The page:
tion of the Ordnance Bureau by the
naming of civilian? to have charge
of purchases, nor to Secretary Ba
ker's announced Intention to adopt
the same plan in the purchase of
quartermasters' supplie?.
atari??- Preaeata BUL
After introducing a bill. Identical
with Se?aloi- Chamberlain's, to create
a Minister of Munition?, Representa
tive Borland, of Missouri, declared- he
would ask President Wilson to state
hia position on this proposal before
the end of the week.
He said that Information reaching
Senator Chamberlain and hin??If was
that officialdom in the War Depart
ment opposed this reform; that Sec
retary Baker waa not unfavorably
disposed; and that ? President Wilson
might be won to It, once he waa con
vinced tbe move did not smack of
partisan politica
Gen. Goethals' testimony was given
In executive session. Only the out
lines of it became known. But com
mittee members ssld that replying to
questions as to the need of certain
appropriations, he declared hia em
phatic disapproval of the over-eya?
te??fixation which has grown up, he
said, in the department.
He declared that array officers had
grown up In the atmosphere of red
tape that only business men, accus
tomed to entirely different methods,
could bring Ww ?peed to the purchase
of supplie?.
t ?alltlaa I'aMart l raed.
"A general Ir?piaaaion has grown
up which couples a minister of muni
tions with partisan politics and Col.
?Roosevelt," said Representative Bor
land. "It haa all had the appearance
ot propaganda. I shall orge the
President that the need of this raform
should be urged from the Democratic
side of the Houae aa an administra
tion measure."
Borland expects the Senate to act
before the House on the bill creating
the ministry. He worded hi? bill
identically? with Senator Chamber
lain'? in the interest? of speed.
Representative McCormick. Illinois.
recently returned from the war ?one,
urged In a speech today both a coali
tion cabinet and the creation of a
munition? department.
"The task of organising ari?la? and
of forging the instrumentalities of de
struction waa too great even for tha
great Kitchener," he said. "In Eng
land and France tha manufacture of
gun? and munitions haa been taken
from the war department, a? it will
be here if we are to profit by tha
lessons of war."
Accident Will Prevent His Pi
at Capitol Today.
Representative T. W- Sims, of Ten?
nessee, yesterday injured himself
eeverly about the shoulder when be
slipped and fell an the Ice In front of
the Senate Office Building, from which
he waa returning to his office? on the
other aide of the Capuol.
He was brought to hia home In an
automobile and although he 1? not in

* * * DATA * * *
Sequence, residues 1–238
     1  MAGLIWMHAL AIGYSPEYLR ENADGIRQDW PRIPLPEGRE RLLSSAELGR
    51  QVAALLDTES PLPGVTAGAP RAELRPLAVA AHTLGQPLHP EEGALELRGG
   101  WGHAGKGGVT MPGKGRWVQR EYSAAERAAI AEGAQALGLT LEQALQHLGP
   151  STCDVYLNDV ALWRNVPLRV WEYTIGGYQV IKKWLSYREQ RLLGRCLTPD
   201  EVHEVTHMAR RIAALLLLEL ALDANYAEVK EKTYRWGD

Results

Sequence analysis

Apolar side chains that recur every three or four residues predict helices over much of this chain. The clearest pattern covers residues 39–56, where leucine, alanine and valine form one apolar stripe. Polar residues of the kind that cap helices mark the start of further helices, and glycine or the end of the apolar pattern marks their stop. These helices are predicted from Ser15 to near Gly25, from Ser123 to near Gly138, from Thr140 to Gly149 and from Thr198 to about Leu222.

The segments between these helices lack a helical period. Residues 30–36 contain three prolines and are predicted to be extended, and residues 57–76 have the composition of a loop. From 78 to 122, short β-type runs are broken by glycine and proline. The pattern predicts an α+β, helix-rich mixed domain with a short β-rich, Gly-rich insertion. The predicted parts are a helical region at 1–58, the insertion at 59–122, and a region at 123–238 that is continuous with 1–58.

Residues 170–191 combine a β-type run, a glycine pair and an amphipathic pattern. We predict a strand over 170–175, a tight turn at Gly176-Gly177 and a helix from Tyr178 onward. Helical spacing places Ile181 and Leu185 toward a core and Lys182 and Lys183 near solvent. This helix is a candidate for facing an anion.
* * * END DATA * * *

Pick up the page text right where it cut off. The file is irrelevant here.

a serious condition, it was announced
last night that he will not be able
to preside at a hearing before the'
House Committee on Interstate and
Foreign Commerce today. He ia rank
ing member of the committee during
the absence of Repr?sentative Will
iam C. Ada?taon, of florida.
Repr?sentativ? Frank E. Dorerous.
of Michigan, next in the order of
?enlrtHrv, ?HI? |? <mtm,,.
War Office Reports Indicate
Preparations for Offen
sive in the North.
Spedai OsHs 4? Tata Waaanmertum
lierai? and ~aw Yark Trlbea?, a
London, Jan. 7.?"At ?ome points'
British patrols hav? forced th? Piave
and caused alarsi te tbe enemy's
linea." Thia statatment la th? official
communique teeued by the Italian
war offloe tonight Is construed by
military critic? her? aa foreca?tlng
important development? on tb? Piave
front In Us? Immediate future.
For several days the British unit?
hav? ?hown extraordinary activity
along th? Middle Piava, time and
again making successful thrusts across
the river in co-operation with French
and Italian filers and supported by
the concentrated fire ot their own and
their allies' batteries.
The wording of the Italian report
leave? it uncertain whether British
troop? now hold position? on the
eastern bank of tha Piave, or wheth
er the operations referred to consisted
merely ot??M? Into the enemy's lines
from which the British returned after
Inflicting damage and taking prison
Haa? Net Ready.
While there haa come an end to
the heavy snowstorms of last week,.
the Teuton - art?les on the northern
mountain front have by no means
escaped the peril which the broclr
Ing of- their main line? of communi
cation presented. It Is extremely
doubtful if they now are, or will
be within weeks, in a position to
resume their campaign toward the
Venetian Plain.
Thia it is believed. Is the only way
tha Italian situation can b? saved.
If the invader? are able to hold the
dominating positions they now occupy
between the Astaco Plateau and the
upper Piar? during the coming week?.
it la inevitable that when conditions
make possible the resumption of their
major offensiv? in the ' north they
will smash through to the plain? ?nd
compel tbe withdrawal of the Italian
Une behind the Adige ?nd the sur
render of Venice, Treviso and Padua
The Italiana and their allies today
have the opportunity to strike tbe
enemy a hard, perhaps a disastrous,
blow. Tomorrow -that opportunity
may have vanished. Tbe next tern
day? should see Important develop
ments on the Piava front.
ItaHaad* Take r-rtaaaer
Rome report? Increasing activity aa
, the northern front today. North Of
?.-oataranga Austrian parties were
driven rack and puraued by Italian
patrol?, who captured priaoaars.
On the* As?a-o Plateau, enemy
transport? and troops on the march
were disorganised by the accurate fire
of the Italian guns. Between the
Frenxela and Brenta valleys there
were violent concentrations of artil
lery fire, the statement says, and at
other pointa, ?o tabi y In the ?agatina
Valley and near Vldor, the Ftench